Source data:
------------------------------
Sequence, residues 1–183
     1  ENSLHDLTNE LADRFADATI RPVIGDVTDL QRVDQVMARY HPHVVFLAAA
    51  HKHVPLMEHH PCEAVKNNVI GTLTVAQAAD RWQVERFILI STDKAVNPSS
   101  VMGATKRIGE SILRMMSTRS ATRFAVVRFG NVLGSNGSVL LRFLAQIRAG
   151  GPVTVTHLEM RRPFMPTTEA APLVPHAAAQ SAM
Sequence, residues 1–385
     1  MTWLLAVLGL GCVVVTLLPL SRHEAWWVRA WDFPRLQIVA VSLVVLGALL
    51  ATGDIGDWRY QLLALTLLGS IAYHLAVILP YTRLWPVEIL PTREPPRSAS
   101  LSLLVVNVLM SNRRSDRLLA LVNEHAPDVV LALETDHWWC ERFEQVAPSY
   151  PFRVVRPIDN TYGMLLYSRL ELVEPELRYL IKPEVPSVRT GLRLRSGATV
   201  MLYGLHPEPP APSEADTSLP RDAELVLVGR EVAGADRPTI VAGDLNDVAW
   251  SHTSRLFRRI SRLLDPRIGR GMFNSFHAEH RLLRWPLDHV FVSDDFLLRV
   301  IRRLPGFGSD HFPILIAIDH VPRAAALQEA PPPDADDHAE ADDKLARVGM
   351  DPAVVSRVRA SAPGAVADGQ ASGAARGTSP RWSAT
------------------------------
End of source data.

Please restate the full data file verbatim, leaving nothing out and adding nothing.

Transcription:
Sequence, residues 1–183
     1  ENSLHDLTNE LADRFADATI RPVIGDVTDL QRVDQVMARY HPHVVFLAAA
    51  HKHVPLMEHH PCEAVKNNVI GTLTVAQAAD RWQVERFILI STDKAVNPSS
   101  VMGATKRIGE SILRMMSTRS ATRFAVVRFG NVLGSNGSVL LRFLAQIRAG
   151  GPVTVTHLEM RRPFMPTTEA APLVPHAAAQ SAM
Sequence, residues 1–385
     1  MTWLLAVLGL GCVVVTLLPL SRHEAWWVRA WDFPRLQIVA VSLVVLGALL
    51  ATGDIGDWRY QLLALTLLGS IAYHLAVILP YTRLWPVEIL PTREPPRSAS
   101  LSLLVVNVLM SNRRSDRLLA LVNEHAPDVV LALETDHWWC ERFEQVAPSY
   151  PFRVVRPIDN TYGMLLYSRL ELVEPELRYL IKPEVPSVRT GLRLRSGATV
   201  MLYGLHPEPP APSEADTSLP RDAELVLVGR EVAGADRPTI VAGDLNDVAW
   251  SHTSRLFRRI SRLLDPRIGR GMFNSFHAEH RLLRWPLDHV FVSDDFLLRV
   301  IRRLPGFGSD HFPILIAIDH VPRAAALQEA PPPDADDHAE ADDKLARVGM
   351  DPAVVSRVRA SAPGAVADGQ ASGAARGTSP RWSAT